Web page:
FRESNO -- For most folks in the central San Joaquin Valley, writing a check to pay a bill, swiping an ATM card to buy gasoline or even using a smart phone app to buy a latte is second nature.
But tens of thousands of valley residents, either by choice or by circumstance, don't have that convenience. Fresno has the second-highest share of what financial-services experts call "the unbanked" -- adults who own neither a checking account nor savings account at a bank or credit union.
Their financial strategy, such as it is, is often little more than paying a check-cashing store to cash their paycheck or benefit check, paying cash for living expenses or using prepaid, fee-laden debit cards or high-interest payday loans. Their savings, if they have any, is cash stuffed in their pockets or purses, squirreled away in a hole in the backyard, or even tucked under the proverbial mattress or some other hiding place in their home.
There are many reasons why people don't have accounts, "but I'd have to say the biggest reason is misinformation," said Sevag Tateosian, who heads the Bank on Fresno program for the Fresno County United Way. "There are so many people who don't really understand the banking system and how important it is for someone's future."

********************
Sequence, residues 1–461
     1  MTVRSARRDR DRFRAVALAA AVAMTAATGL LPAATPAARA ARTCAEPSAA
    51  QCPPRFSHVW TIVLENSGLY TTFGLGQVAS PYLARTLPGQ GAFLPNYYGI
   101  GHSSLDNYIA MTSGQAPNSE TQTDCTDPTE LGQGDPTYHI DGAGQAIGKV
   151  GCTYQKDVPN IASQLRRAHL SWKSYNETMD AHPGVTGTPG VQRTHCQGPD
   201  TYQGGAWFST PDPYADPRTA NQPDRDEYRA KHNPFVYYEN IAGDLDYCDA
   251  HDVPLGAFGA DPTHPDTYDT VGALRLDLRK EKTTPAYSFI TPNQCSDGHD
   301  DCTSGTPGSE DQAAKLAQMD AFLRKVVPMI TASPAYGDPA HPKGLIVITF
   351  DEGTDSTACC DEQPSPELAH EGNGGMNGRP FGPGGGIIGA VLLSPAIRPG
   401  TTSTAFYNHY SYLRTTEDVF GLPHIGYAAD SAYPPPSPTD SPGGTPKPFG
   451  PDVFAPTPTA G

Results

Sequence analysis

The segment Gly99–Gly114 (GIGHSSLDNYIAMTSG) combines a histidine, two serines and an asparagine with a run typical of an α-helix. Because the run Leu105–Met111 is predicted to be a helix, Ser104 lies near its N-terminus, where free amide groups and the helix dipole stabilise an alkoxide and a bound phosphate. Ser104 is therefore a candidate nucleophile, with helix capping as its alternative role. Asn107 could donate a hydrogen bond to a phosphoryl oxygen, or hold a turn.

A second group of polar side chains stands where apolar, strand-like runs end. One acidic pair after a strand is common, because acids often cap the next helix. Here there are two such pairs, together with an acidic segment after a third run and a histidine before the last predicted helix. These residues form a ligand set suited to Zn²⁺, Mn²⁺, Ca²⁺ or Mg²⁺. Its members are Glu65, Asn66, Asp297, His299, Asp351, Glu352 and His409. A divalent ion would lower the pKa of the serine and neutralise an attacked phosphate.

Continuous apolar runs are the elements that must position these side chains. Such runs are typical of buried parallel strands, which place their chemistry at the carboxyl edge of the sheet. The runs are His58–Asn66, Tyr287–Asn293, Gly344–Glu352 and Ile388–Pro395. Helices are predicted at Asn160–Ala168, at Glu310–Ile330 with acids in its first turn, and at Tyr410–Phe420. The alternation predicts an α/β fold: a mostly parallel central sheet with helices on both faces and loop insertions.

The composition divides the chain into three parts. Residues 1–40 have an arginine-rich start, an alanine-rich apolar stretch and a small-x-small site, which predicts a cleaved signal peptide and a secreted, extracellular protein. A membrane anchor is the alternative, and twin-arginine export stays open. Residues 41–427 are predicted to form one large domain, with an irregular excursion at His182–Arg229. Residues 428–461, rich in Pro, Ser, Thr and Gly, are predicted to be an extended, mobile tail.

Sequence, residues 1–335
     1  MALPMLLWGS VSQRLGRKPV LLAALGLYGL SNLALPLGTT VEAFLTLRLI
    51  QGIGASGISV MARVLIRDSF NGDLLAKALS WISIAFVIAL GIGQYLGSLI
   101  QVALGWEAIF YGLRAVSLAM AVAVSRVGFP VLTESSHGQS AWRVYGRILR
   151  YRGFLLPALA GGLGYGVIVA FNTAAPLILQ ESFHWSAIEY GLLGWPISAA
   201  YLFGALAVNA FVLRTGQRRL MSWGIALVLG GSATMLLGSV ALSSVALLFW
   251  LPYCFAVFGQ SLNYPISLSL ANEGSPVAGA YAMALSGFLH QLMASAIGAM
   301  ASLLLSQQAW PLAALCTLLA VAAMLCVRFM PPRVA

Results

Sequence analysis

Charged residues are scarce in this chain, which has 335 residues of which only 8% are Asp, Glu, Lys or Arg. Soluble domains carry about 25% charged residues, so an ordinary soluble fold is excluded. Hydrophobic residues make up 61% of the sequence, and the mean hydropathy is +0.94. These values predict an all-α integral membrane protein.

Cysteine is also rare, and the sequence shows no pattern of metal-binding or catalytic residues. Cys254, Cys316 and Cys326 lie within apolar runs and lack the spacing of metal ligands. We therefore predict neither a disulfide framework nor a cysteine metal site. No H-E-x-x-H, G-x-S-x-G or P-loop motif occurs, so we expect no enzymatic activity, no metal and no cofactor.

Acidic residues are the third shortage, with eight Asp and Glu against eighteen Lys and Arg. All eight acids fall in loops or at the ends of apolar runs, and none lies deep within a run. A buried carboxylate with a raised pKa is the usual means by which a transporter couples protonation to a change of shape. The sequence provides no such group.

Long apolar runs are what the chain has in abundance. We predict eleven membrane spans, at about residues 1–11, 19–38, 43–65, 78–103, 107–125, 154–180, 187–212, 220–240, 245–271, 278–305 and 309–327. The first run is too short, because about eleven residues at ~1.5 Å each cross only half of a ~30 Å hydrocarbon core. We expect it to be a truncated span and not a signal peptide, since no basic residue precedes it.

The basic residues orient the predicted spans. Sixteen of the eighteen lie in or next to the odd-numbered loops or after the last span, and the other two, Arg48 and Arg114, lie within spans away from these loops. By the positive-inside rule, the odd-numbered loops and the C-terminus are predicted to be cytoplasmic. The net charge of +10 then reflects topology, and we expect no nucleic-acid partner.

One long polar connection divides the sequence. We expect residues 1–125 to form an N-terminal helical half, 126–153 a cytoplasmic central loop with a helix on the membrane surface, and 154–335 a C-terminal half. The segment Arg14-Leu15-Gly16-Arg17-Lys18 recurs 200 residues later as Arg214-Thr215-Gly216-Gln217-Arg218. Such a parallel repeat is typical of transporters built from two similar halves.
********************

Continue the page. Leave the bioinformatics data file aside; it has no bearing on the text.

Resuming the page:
Bank on Fresno and the statewide Bank on California programs aim to shepherd the unbanked into the financial mainstream. And in large measure, they've been successful.
When Bank on Fresno was launched in 2009, it had a goal of opening about 10,000 new checking or savings accounts for unbanked people at its participating banks and credit unions. It has smashed that goal, opening more than 60,000 accounts in a little over three years.
Bank on California, started in 2008 by Gov. Schwarzenegger, has continued under Gov. Jerry Brown and is under the supervision of the state Department of Financial Institutions. It, too, has far surpassed its goal of 100,000 new accounts statewide, generating about 240,000.